Militant groups affiliated with the Islamic State killed at least 29 Christians and displaced hundreds of residents in northern Mozambique over the last two months, according to reports from an interdenominational aid agency.
In a report published Wednesday, the Pennsylvania-based Barnabas Aid stated that at least 21 Christians were killed by Islamist extremists last month in the conflict-ridden northern Cabo Delgado Province.
According to Barnabas Aid, the Ahlu Sunnah Wa-Jama terror group, locally known as Al Shabaab (not the Somali-based group with the same name), announced the killing of 20 Christians and the displacement of hundreds more in the coastal province between Oct. 3 and 20.
On Oct. 26, another person was killed as militants set fire to a church building and houses in the Chiure district.
In September, Barnabas Aid released another report stating that militants from the same terror group killed at least eight Christians and set fire to two churches and 120 houses in Cabo Delgado and neighboring Nampula Province in September. Six of the eighth were killed in three attacks over three days in the Nampula province.
The Islamic State released four claims to credit, with three of them referring to the killing of a "Christian" at Nangade, Macomia and Nampula.
"The fourth claim follows the Naheco (Nampula) attack on 08 Sept. Claim refers to 120 houses destroyed and 4 'Christians' killed," tweeted Jasmine Opperman, who produces weekly and monthly insights and forecasts on extremism and political violence in Southern Africa.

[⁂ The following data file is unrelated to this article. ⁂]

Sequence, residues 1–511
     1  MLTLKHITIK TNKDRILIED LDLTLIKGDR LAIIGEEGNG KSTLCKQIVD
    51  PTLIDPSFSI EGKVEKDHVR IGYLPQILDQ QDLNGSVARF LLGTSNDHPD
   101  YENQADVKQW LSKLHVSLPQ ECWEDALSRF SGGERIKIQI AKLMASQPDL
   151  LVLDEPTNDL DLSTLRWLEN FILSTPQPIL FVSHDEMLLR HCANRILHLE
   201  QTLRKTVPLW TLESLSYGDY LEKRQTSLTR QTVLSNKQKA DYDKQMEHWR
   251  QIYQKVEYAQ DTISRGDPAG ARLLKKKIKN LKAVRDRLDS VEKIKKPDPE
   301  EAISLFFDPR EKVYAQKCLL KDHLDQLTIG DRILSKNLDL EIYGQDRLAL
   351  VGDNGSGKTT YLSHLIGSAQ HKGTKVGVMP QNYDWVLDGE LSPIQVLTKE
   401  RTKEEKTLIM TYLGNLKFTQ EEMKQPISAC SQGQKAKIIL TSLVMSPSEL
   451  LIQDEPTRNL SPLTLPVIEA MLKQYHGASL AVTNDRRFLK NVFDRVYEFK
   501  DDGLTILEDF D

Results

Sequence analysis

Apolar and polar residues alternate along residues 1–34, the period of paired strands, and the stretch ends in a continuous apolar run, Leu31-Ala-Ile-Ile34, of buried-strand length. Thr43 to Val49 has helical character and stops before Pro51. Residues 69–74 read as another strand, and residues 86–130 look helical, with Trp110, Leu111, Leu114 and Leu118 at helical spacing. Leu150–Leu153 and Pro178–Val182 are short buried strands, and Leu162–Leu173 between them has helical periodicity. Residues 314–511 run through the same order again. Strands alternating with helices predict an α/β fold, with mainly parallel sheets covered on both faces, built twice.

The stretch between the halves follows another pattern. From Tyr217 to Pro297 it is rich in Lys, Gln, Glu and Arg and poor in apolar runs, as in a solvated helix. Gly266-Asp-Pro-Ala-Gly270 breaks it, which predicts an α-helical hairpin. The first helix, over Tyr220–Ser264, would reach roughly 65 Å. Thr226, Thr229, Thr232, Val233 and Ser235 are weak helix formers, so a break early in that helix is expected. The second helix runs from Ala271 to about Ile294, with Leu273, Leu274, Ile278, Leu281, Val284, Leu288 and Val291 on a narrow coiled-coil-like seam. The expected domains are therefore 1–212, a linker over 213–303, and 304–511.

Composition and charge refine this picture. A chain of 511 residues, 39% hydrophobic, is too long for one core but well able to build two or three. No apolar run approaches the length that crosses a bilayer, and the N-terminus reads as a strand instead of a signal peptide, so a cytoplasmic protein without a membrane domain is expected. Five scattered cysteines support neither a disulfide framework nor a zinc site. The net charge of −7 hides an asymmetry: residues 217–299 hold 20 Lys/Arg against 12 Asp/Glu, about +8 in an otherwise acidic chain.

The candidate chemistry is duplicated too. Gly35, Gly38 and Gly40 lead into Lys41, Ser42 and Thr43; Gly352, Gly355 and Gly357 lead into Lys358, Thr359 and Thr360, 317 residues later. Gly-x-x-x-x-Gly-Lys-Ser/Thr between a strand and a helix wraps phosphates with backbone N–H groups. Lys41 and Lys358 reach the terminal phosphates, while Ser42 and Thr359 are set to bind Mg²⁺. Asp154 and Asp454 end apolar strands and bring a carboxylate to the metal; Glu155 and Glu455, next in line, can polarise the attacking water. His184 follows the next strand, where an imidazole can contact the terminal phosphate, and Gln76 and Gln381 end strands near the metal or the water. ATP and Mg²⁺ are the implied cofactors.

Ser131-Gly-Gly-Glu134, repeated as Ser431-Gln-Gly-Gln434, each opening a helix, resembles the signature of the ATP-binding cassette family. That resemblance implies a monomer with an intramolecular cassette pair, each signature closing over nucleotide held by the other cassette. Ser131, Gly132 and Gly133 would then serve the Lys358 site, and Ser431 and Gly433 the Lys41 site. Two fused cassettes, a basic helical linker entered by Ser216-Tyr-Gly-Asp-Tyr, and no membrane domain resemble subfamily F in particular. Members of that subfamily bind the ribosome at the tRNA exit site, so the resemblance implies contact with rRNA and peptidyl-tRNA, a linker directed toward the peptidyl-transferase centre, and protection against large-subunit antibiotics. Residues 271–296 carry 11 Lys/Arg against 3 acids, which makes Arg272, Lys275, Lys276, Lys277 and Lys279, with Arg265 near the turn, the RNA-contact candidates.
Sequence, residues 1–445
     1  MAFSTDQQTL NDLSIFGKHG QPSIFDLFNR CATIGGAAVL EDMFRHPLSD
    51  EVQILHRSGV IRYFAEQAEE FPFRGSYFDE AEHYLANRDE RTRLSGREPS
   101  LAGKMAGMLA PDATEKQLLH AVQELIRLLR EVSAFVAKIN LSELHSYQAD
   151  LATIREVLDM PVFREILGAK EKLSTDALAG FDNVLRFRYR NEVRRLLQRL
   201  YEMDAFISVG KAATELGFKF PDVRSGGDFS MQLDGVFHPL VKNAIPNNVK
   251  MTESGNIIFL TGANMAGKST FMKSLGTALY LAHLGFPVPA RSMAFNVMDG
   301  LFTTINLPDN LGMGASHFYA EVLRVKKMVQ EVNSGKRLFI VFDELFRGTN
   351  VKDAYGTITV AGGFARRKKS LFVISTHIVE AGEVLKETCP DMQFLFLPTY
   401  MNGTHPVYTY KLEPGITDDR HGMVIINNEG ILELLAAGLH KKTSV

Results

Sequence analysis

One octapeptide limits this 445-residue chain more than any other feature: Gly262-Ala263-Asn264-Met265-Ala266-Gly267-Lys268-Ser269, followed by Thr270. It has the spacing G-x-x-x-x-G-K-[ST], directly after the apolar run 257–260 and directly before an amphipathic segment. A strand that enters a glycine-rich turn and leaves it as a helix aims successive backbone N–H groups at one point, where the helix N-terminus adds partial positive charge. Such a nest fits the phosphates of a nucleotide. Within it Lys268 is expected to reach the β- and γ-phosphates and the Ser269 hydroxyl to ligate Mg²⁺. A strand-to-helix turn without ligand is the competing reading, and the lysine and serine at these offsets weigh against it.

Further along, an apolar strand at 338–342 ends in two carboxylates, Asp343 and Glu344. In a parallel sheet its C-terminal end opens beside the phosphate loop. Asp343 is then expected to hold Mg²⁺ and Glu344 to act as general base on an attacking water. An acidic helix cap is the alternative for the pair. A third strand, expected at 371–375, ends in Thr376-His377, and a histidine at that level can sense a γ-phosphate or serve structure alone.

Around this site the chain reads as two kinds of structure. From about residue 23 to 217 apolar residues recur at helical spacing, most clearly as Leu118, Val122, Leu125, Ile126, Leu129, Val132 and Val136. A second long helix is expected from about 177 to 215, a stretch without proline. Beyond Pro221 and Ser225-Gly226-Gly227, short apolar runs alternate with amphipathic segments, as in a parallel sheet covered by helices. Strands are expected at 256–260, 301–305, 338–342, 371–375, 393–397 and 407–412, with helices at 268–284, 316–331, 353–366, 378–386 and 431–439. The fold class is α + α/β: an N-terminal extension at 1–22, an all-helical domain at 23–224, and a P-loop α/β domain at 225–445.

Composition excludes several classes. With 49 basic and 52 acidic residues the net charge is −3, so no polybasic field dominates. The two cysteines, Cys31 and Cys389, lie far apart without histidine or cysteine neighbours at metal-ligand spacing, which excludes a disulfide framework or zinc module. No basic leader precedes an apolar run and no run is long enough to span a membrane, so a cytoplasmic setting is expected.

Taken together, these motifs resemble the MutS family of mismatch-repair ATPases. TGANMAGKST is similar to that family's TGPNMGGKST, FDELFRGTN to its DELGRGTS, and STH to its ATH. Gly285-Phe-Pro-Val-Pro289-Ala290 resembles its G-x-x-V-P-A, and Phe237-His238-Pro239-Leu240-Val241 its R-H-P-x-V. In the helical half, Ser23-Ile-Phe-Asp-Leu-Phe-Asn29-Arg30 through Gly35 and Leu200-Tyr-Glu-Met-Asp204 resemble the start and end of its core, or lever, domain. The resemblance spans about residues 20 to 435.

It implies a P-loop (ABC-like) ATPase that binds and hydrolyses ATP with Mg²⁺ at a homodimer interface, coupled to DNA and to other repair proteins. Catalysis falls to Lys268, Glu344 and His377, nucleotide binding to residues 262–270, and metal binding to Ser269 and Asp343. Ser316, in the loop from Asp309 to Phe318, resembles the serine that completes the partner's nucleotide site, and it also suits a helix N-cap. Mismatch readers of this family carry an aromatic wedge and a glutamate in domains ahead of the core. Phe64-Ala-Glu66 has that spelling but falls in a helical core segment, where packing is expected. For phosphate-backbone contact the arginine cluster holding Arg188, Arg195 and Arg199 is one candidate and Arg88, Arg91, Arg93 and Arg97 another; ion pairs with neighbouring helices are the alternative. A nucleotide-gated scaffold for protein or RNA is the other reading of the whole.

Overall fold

Thousands of people have been killed and nearly 1 million have been displaced by violence committed by Islamic extremist groups in northern Mozambique since an insurgency began in 2017. During that time, radicals attacked several villages and took control of a province rich with gas, rubies, graphite, gold and other natural resources.
The Ansar al-Sunna group reportedly pledged allegiance to the Islamic State as early as April 2018.
"People have witnessed their loved ones being killed, beheaded, and raped, and their houses and other infrastructure burned to the ground," United Nations Spokesperson Matthew Saltmarsh told journalists in October.
"Men and boys have also been forcibly enrolled in armed groups. Livelihoods have been lost, and education stalled while access to necessities such as food and healthcare has been hampered. Many people have been re-traumatized after being forced to move multiple times to save their lives."
Local sources told Voice of America that terrorists entered Murrameia village in the district of Namuno on the afternoon of Oct. 29, setting fire to a school and religious buildings. Additionally, the extremists captured and beheaded the village chief and his wife. A third person was killed by gunshot wounds.
In this mostly Muslim region in the otherwise Christian-majority country, Islamic extremists kidnap women and keep them as sex slaves and force boys to become child soldiers, The Washington Post reported last month.
"In 2017, jihadist insurgents began in the Cabo-Delgado province, winning over some locals due to the fact that they gave back resources to villagers from the government and killed no one," the U.S.-based persecution watchdog International Christian Concern reported. "This did not last, however, as IS started setting fire to Christian villages, and killing those who lived there."
At least 24 countries have sent troops to support the fight against insurgents in Mozambique. The Mozambique military has been accused of having 7,000 "ghost soldiers," with some soldier payments going to defense officials, according to the BBC.
Mozambique's deposits of natural gas are pretty lucrative as Russia's invasion of Ukraine continues to impact gas prices and create security concerns across the continent.
In February, the U.S. government approved nearly $6 billion in loans and risk insurance to help Mozambique's natural gas industry, The Washington Post reports.